The Black Church and the Future of Obamacare
Why Black Faith Leaders Must Lead the Fight for Healthcare Access
Julianne Malveaux (NNPA Newswire Columnist) | 11/9/2017, 6:20 p.m.
There are consequences to not enrolling. If you don’t enroll by December 15, you may have to wait a whole year before getting access to affordable healthcare and the subsidies available under ACA, and you may have to pay a fine for not enrolling. Some states (California, Washington, Minnesota, Colorado, Massachusetts and Washington, D.C.) will allow enrollment until January, but most will close enrollment on December 15. Even with a longer enrollment period, the best thing to do to ensure that the people who need health insurance get it is to encourage them to enroll early.
Helping people enroll for ACA benefits is not only a public service, it is also an act of resistance to “45’s” pernicious attempts to undermine President Obama’s signature piece of legislation. To be sure, the ACA is not perfect, but it is responsible for expanding the base of people who can get affordable health insurance.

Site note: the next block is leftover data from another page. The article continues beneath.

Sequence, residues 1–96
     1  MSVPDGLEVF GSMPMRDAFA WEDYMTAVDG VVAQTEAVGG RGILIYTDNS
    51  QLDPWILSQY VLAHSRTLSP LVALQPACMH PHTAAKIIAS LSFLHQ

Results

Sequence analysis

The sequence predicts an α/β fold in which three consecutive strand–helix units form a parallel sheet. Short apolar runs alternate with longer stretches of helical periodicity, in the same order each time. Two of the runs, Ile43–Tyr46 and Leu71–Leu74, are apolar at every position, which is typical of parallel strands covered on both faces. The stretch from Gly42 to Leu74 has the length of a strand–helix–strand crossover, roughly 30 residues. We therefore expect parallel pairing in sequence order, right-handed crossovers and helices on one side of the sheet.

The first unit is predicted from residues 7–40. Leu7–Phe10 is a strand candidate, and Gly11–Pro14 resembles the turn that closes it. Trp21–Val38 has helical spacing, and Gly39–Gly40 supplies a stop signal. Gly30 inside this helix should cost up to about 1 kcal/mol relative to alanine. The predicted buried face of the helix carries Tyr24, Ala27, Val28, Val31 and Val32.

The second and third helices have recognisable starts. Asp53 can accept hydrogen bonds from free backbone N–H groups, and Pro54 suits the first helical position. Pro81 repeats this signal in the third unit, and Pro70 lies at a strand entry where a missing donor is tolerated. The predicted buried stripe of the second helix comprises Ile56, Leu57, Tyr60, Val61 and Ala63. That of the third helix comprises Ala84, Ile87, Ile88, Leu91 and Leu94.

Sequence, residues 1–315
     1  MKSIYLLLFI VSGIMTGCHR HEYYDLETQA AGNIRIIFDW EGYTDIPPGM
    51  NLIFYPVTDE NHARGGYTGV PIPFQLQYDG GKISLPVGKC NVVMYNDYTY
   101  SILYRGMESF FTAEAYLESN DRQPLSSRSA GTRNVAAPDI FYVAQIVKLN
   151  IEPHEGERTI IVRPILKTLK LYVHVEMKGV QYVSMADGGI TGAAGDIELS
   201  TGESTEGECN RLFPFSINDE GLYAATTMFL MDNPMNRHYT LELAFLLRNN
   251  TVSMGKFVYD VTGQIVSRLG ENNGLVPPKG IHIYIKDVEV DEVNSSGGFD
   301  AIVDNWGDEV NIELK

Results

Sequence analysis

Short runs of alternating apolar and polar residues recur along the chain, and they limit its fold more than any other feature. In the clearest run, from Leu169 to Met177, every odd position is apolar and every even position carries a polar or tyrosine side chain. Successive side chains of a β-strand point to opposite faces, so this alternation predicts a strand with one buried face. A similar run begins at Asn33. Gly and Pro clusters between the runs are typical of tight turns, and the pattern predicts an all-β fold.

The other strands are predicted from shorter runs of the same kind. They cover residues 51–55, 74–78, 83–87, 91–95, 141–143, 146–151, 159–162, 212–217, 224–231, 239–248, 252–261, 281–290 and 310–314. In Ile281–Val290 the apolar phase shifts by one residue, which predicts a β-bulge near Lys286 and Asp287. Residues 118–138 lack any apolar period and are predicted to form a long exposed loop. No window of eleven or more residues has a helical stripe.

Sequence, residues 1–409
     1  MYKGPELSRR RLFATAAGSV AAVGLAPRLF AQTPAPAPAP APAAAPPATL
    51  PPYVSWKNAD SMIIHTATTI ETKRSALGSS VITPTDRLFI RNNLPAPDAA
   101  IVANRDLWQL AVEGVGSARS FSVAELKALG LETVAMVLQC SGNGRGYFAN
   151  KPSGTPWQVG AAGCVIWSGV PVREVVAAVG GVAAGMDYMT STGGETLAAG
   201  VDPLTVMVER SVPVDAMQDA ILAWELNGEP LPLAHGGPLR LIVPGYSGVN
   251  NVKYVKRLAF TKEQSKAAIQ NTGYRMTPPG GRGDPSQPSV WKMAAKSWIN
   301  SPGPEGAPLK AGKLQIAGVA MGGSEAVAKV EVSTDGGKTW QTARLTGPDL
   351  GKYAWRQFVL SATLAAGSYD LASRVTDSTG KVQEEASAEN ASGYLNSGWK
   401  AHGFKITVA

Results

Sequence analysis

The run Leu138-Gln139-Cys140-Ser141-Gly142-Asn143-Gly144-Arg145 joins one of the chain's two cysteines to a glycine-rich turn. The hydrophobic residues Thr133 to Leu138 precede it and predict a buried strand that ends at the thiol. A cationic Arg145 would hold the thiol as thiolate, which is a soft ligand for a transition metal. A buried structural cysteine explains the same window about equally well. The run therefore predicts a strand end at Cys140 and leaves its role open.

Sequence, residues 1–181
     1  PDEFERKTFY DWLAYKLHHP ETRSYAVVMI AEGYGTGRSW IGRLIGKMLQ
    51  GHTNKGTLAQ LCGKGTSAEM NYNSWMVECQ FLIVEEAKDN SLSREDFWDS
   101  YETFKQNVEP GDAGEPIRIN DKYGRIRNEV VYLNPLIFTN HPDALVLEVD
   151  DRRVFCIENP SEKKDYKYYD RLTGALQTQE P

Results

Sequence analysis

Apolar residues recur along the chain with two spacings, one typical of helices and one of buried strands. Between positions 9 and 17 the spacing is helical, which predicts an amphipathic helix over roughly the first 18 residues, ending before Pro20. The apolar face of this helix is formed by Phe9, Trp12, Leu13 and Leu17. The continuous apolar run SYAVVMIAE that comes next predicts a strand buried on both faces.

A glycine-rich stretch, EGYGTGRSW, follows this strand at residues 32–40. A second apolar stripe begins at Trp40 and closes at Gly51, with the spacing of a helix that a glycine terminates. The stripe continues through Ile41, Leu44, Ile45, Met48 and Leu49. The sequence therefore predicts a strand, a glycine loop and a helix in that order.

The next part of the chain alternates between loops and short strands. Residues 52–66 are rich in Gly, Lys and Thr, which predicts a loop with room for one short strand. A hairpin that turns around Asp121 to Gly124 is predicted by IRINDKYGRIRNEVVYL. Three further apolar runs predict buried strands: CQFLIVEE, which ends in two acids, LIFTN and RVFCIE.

This example of Faith in Action may be a template for other ways to use the church to organize resistance. The novelist Dr. Daniel Black (author of “Perfect Peace: A Novel”) recently gave a talk in which he described our churches as the backbone of the Black community. Disagree with your pastor, or with the sermon if you will, he said, but still get to church for the sense of community that can only be found there. While the Black church is less impactful than it was in 1963, when most of us could be reached through church announcements, it is still a place where we gather and share information. If you don’t usually go to church on November 12, when the #SOULS2ENROLL weekend campaign kicks off, consider making your way there to check this campaign out. If you do go to church, encourage your pastor to participate.
Julianne Malveaux is an economist, author, and Founder of Economic Education. Follow Dr. Malveaux on Twitter @drjlastword.